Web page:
Lupyan, G. & Spivey, M.J. (2010). Making the invisible visible: Verbal but not visual cues enhance visual detection. PLoS One 5(7), e11452. doi:10.1371/journal.pone.0011452

Lupyan, G. (2009). Cognitive Influences on Attention. Ed. B. Goldstein, The Sage Encyclopedia of Perception

Lupyan, G. & Spivey, M.J. (2008). Ascribing meaning to unfamiliar items facilitates visual processing. Current Biology., 18: R410-R412

Lupyan, G. (2008). The Conceptual Grouping Effect: Categories Matter (and named categories matter more). Cognition, 108: 566-577

 Language as an adaptive system / Linguistic Niche Hypothesis

Lupyan, G., Dale, R.A.C. (2016). Why are there different languages? The role of adaptation in linguistic diversity. Trends in Cognitive Sciences. 20(9), 649–660.

Lupyan, G. & Dale, R.A.C. (2015). The role of adaptation in understanding linguistic diversity. In The Shaping of Language. R. LaPolla & R. De Busser (Eds.).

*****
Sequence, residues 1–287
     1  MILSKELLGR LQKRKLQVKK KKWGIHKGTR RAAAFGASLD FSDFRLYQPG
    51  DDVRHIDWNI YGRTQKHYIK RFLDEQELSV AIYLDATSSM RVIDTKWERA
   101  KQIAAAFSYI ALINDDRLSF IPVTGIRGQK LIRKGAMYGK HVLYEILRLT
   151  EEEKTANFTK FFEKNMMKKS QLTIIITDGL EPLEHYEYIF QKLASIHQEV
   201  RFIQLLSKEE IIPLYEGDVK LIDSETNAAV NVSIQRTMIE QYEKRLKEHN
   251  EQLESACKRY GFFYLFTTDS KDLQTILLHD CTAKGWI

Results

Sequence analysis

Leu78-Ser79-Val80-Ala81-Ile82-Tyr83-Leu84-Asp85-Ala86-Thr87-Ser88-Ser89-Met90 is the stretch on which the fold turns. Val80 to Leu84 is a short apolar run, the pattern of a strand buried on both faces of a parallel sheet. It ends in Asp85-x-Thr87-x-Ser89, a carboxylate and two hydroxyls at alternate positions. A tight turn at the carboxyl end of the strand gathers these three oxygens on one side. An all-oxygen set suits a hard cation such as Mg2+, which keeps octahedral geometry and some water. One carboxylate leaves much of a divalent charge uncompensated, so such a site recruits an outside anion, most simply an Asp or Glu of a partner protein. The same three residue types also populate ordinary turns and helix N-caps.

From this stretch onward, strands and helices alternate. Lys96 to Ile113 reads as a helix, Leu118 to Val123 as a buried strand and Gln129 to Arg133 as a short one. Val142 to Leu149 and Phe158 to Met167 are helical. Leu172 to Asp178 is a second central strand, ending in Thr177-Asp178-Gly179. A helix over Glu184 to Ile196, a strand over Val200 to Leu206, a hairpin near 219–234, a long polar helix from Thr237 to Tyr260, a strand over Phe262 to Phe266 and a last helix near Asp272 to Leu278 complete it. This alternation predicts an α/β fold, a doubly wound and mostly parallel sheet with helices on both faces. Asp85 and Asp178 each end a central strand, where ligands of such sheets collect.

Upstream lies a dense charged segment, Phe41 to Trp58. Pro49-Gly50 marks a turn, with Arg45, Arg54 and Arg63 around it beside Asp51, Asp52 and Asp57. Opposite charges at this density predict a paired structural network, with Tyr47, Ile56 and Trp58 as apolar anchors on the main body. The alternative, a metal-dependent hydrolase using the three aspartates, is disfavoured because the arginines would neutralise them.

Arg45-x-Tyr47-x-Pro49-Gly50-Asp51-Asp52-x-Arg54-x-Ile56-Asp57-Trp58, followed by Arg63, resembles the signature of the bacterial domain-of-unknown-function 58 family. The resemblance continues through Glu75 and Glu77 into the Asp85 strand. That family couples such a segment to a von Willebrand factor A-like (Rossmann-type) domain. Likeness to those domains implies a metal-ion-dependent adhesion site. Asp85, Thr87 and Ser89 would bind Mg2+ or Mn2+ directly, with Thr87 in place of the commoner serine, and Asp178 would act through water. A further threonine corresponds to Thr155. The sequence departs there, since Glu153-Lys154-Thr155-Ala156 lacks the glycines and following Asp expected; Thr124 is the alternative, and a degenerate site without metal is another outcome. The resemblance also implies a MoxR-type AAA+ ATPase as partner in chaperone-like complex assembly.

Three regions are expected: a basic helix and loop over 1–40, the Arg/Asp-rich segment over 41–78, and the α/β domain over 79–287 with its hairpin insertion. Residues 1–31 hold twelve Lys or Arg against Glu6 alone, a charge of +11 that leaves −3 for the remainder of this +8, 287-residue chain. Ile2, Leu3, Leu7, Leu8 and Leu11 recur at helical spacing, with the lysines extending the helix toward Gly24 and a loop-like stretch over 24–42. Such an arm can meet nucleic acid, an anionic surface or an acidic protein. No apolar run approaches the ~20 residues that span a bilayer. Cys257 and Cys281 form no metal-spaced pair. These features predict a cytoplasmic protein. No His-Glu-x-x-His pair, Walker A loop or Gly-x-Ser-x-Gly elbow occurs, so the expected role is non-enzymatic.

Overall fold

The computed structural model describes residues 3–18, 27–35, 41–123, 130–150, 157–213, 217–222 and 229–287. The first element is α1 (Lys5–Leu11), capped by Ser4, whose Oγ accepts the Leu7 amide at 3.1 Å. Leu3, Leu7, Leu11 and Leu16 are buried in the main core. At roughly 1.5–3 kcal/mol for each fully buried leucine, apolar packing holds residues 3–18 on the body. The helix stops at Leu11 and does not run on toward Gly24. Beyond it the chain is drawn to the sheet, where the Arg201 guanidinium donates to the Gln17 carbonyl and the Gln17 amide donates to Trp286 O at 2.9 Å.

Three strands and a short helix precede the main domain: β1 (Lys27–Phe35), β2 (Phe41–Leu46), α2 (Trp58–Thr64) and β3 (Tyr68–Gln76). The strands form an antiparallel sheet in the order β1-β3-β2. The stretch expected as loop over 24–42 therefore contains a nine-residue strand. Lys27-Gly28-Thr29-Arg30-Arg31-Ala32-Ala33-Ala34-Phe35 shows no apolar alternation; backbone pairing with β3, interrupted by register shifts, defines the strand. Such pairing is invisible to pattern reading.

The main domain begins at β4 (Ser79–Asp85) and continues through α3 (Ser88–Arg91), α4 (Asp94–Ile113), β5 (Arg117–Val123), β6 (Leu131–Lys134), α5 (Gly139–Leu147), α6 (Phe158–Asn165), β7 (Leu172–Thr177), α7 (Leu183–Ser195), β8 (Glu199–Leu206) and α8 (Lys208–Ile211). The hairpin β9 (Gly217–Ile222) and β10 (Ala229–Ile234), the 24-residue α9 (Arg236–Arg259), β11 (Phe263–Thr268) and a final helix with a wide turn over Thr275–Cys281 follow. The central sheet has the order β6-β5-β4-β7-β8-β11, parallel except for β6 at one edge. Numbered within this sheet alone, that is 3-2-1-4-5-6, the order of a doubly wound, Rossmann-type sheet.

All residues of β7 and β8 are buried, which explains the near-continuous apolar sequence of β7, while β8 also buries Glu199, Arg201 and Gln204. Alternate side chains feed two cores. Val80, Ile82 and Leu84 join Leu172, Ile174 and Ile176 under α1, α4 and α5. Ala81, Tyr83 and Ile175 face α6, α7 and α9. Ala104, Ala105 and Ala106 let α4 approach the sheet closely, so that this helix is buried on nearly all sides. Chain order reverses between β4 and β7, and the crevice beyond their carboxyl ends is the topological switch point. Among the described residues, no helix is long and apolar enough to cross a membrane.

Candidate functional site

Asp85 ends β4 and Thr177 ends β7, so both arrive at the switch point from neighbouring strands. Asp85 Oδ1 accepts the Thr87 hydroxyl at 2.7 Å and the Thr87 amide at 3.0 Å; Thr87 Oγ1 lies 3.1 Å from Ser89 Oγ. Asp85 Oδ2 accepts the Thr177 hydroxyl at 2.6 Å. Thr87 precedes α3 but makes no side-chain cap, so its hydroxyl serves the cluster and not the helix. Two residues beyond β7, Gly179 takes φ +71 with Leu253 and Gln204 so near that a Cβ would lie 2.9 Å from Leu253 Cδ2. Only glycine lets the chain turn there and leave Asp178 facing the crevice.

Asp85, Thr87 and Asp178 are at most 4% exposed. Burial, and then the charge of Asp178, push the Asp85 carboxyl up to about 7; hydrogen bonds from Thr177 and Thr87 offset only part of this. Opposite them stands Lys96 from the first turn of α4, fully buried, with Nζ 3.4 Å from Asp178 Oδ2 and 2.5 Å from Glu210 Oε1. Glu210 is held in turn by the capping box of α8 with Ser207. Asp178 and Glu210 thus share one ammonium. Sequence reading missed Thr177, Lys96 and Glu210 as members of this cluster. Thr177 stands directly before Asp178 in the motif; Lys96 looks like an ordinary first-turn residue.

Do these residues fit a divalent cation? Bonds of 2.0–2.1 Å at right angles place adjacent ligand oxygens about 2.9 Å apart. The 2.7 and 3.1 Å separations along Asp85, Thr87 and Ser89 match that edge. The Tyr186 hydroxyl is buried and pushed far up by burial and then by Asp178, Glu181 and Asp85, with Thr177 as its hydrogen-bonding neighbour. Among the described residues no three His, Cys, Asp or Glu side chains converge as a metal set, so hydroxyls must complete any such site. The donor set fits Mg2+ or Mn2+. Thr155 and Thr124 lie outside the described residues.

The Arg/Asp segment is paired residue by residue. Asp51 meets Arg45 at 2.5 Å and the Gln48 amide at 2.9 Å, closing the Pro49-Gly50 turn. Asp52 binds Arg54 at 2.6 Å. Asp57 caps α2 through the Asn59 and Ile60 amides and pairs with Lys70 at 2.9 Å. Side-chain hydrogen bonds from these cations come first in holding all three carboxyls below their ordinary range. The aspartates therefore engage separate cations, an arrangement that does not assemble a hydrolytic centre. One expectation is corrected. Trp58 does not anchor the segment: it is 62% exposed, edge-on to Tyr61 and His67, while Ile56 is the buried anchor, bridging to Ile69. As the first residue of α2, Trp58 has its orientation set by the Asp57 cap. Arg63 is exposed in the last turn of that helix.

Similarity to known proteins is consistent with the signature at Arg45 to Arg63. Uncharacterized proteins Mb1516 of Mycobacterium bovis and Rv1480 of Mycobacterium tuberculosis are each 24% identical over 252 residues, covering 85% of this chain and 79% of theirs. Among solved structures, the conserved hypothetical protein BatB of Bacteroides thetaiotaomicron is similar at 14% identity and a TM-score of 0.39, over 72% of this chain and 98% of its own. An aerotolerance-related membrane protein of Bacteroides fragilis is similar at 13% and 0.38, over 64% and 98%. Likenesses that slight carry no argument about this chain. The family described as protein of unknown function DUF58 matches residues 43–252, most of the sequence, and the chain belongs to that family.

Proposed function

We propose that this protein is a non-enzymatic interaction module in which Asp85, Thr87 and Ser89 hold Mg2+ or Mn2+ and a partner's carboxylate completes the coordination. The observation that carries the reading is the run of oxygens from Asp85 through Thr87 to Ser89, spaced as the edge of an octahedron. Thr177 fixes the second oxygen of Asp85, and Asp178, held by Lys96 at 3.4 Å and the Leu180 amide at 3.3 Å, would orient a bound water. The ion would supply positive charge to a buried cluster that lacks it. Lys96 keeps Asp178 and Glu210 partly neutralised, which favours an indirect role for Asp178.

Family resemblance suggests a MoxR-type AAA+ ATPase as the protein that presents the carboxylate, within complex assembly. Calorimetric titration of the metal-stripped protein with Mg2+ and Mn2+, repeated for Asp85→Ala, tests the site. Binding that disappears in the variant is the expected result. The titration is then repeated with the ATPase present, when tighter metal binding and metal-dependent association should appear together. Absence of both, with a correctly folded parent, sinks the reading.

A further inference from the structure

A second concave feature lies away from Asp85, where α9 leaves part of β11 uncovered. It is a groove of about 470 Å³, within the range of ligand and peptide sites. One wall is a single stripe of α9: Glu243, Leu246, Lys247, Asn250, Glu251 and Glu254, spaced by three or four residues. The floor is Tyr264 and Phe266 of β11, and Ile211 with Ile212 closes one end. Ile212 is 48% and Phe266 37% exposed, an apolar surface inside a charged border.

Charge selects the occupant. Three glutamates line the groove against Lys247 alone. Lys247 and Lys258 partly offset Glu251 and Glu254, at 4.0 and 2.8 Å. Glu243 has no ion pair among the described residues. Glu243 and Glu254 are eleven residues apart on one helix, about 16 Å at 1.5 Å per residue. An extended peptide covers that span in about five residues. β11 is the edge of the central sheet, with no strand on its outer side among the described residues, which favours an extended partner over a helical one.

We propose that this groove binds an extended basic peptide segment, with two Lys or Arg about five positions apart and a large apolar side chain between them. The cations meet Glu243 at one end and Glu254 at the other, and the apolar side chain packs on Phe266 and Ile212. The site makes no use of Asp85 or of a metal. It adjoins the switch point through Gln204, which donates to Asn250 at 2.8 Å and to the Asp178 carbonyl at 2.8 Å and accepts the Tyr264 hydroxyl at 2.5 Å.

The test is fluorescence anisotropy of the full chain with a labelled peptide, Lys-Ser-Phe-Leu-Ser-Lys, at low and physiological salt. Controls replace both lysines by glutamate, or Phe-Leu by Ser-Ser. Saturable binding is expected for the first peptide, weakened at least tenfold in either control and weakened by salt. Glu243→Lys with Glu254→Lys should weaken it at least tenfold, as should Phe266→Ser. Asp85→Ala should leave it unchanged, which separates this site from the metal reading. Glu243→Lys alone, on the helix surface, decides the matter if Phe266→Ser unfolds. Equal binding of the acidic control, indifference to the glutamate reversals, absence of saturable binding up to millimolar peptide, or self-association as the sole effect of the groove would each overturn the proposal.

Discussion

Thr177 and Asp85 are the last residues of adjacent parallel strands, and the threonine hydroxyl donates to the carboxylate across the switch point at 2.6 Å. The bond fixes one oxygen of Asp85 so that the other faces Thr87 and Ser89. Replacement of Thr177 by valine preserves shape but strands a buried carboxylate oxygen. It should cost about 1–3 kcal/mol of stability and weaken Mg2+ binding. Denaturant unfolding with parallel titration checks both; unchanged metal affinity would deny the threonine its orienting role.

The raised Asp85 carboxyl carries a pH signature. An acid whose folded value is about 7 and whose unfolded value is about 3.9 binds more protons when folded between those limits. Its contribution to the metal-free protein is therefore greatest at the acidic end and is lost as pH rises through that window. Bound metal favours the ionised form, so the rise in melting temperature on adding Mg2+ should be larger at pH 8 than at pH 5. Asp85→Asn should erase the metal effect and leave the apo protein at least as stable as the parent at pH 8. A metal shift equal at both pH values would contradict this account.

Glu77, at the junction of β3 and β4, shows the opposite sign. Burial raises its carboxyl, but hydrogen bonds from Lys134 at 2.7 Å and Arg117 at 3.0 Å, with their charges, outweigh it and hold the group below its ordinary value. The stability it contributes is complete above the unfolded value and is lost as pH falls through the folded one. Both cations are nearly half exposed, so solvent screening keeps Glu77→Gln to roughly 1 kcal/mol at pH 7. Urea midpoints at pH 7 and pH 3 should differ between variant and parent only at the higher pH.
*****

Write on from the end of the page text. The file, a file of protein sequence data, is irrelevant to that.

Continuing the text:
Dale, R.A.C., & Lupyan. G. (2012). Understanding the origins of morphological diversity: The linguistic niche hypothesis. Advances in Complex Systems 15(3): 1150017-1-1150017-16

Lupyan, G. & Dale, R.A.C. (2010). Language Structure is Partly Determined by Social Structure.. PLoS ONE: 5(1): e8559. doi:10.1371/journal.pone.0008559

Iconicity and Sound Symbolism

Winter, B., Perlman, M., Perry, L., Lupyan, G. (in press). Which words are most iconic? Iconicity in English sensory words. Interaction Studies.

Dingemanse, M.; Blasi, D.E.; Lupyan, G.; Christiansen, M.H.; Monaghan, P. (2015) Arbitrariness, iconicity and systematicity in languageTrends in Cognitive Sciences19(10), 603–615

Perry, L. K., Perlman, M., & Lupyan, G. (2015). Iconicity in English and Spanish and Its Relation to Lexical Category and Age of Acquisition. PLoS ONE, 10(9), e0137147.

Perlman, M., Dale, R.A.C., & Lupyan, G. (2015). Iconicity can ground the creation of vocal symbolsRoyal Society Open Science.

Lupyan, G. & Casasanto, D. (2014). Meaningless words promote meaningful categorization Language & Cognition, Available on CJO 2014 doi:10.1017/langcog.2014.21